The Legislative Council normally meets in the Chamber of the Legislative Council Complex every Wednesday morning while in session. The proceedings of the meetings are recorded verbatim in the Official Record of Proceedings of the Legislative Council.

The Official Record of Proceedings of the Legislative Council is also known as the Hong Kong Hansard or the Hansard. With the Hansard of the British Parliament as a blueprint, it records Council meetings in first-person narration.

The first publication of the Hong Kong Hansard has not been specifically documented. However, G. B. Endacott, an expert in Hong Kong history, says in Government and People in Hong Kong 1841-1962: A Constitutional History, "copies [of the Hong Kong Hansard] exist from 1890 onwards and are noted on the title page as being 'reprinted from the Hong Kong Daily Press, revised by Members'." The Hong Kong Hansard was the official verbatim report of the proceedings of the Legislative Council at that time.


The Hong Kong Hansard is a verbatim record which gives a truthful report of the speeches made by all speakers on the agenda items at the Council meetings. Therefore, all information contained in the verbatim record is accurate, fair and true. From such information, the public may know what happened at the Council meetings, such as the policies of the Government at that time, the stance of Legislative Council Members on a particular issue, the views of various political parties on certain matters, etc. Likewise, this information may also facilitate the public, media, legal sector, as well as the court, to determine the legislative intent of laws.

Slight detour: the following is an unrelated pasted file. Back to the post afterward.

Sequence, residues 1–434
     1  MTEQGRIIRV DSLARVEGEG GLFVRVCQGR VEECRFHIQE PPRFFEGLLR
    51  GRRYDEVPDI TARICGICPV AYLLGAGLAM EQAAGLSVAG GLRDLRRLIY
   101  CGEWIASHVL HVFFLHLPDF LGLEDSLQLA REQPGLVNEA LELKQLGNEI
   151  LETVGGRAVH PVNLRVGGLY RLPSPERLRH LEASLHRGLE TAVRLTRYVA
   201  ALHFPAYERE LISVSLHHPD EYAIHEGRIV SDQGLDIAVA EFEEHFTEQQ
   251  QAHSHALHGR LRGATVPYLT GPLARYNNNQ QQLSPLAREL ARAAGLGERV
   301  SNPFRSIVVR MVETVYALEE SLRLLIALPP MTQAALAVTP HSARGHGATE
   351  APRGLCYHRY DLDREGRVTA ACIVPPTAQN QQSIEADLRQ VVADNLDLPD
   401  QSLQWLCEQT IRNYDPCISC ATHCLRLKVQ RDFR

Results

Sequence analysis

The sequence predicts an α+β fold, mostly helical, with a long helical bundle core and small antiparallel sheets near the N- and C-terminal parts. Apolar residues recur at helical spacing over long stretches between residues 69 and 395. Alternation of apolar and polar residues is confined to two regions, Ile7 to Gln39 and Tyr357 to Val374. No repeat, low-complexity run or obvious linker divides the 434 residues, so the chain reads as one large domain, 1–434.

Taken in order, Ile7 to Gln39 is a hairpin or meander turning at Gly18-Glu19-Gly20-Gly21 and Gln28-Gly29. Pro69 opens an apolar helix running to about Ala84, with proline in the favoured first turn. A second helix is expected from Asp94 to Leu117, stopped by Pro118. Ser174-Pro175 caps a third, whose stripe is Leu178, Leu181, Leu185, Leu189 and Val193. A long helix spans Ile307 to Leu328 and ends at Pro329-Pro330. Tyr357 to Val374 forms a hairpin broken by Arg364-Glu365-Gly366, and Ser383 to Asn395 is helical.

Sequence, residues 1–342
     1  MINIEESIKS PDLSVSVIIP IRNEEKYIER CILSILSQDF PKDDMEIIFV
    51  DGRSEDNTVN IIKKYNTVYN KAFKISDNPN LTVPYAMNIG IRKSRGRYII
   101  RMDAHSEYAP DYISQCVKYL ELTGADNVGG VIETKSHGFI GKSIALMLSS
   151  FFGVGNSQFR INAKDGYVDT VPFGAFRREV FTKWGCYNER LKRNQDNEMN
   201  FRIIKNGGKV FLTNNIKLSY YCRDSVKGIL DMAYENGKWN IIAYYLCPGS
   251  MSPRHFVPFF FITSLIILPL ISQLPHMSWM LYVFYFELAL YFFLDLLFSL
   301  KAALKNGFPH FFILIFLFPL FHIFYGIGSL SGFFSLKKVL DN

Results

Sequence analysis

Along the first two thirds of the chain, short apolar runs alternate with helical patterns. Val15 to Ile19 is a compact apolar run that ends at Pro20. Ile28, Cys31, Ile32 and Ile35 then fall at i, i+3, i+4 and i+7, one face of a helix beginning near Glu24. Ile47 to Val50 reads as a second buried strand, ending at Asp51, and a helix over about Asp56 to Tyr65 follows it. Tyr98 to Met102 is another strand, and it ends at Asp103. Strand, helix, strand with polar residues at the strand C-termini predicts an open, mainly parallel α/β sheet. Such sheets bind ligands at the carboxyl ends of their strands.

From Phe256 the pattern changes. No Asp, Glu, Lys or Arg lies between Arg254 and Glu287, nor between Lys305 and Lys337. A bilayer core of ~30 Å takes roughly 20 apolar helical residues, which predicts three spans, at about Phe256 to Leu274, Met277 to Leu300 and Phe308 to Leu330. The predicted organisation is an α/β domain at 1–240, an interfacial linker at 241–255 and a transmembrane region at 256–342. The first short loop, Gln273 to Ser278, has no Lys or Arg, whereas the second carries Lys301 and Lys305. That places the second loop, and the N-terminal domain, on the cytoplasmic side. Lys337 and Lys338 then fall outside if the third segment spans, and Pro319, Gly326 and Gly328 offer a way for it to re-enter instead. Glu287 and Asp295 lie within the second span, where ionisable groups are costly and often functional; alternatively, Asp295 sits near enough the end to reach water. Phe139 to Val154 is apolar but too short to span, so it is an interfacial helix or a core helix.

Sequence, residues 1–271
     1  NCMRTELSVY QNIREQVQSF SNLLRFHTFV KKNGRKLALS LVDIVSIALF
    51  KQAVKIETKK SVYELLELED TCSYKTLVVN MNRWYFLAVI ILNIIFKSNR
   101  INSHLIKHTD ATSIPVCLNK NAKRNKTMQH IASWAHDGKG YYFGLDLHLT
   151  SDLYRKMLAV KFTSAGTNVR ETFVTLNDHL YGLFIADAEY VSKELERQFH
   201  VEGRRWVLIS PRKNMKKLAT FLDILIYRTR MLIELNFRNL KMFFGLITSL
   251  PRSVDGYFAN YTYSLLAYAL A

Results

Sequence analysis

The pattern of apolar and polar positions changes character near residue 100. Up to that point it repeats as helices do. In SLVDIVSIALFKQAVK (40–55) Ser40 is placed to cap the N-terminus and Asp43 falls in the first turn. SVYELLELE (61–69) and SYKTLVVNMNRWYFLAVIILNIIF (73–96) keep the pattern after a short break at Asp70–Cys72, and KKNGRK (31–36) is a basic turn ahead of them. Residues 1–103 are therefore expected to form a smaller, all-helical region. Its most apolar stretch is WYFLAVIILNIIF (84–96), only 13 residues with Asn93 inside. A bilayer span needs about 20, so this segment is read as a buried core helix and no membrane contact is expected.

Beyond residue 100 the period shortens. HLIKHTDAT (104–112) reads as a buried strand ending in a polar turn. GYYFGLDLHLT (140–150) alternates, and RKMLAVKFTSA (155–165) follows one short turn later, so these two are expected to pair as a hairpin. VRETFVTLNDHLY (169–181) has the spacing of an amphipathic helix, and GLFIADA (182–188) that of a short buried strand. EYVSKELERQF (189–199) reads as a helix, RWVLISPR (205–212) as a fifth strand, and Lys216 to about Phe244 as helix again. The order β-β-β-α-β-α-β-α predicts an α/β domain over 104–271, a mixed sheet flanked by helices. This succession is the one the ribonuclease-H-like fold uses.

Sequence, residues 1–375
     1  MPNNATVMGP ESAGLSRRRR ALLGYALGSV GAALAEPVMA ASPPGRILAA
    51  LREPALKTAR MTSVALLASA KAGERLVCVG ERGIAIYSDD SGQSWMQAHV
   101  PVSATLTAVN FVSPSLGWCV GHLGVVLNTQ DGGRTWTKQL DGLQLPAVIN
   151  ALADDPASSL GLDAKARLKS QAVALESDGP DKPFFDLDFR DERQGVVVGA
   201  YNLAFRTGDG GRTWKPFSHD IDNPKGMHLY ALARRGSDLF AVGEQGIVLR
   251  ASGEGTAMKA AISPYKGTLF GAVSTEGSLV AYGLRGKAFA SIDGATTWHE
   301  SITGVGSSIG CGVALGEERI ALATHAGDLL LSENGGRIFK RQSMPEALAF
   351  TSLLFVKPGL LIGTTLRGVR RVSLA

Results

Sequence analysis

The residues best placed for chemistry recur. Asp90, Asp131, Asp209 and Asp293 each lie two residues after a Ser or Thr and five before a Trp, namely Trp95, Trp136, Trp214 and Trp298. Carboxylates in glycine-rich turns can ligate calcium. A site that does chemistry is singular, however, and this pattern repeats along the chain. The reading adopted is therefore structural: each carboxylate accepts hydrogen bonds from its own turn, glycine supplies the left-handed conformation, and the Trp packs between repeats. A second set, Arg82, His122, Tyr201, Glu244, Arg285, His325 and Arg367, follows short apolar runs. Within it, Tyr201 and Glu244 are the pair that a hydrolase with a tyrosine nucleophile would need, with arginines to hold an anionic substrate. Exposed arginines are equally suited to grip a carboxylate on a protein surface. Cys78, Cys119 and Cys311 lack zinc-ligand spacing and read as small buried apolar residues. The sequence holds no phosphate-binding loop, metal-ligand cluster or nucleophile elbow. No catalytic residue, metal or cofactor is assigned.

Basically, the Hong Kong Hansard is a verbatim record which reports the speeches made at the Council meetings. However, as most participants deliver their speeches in Cantonese, it is necessary for the Legislative Council Secretariat to convert the speeches from colloquial Cantonese to written Chinese for the purpose of recording when producing the Hansard. It involves conversion of the sentences and phrases from colloquial Cantonese to their equivalents in written Chinese. During the process, the transcribers and editors exercise prudence and caution in order to avoid distortion to the original meaning.

Erskine May, a British constitutional theorist and authority in parliamentary practice, illustrates the nature of parliamentary Hansard in his Parliamentary Practice as follows: "(The Official Report), though not strictly verbatim, is substantially the verbatim report, with repetitions and redundancies omitted and with obvious mistakes corrected, but which on the other hand leaves out nothing that adds to the meaning of the speech or illustrates the argument." This has been widely accepted by parliaments around the world, as well as the Legislative Council Secretariat, as a principle for producing the Hong Kong Hansard.

To ensure the accuracy of the edited version of the Hong Kong Hansard, the Legislative Council Secretariat will prepare a draft version and deliver it to the participants of Council meetings (including Members and the Administration) for comment. The participants may give their views on or propose amendments to the draft version. Only minor changes accepted by the Clerk to the Legislative Council will be included in the confirmed version.

The Translation and Interpretation Division of the Legislative Council Secretariat is responsible for the production of the Official Record of Proceedings of the Legislative Council. At present, three versions are prepared during the production process of the Hong Kong Hansard, namely the draft and confirmed versions (floor), both of which are verbatim records, and the translated version, which is available in Chinese and English.

Hong Kong Hansard.Hong Kong Hansard.

Legislative Council Secretariat
Education Service Team
Apr 2015

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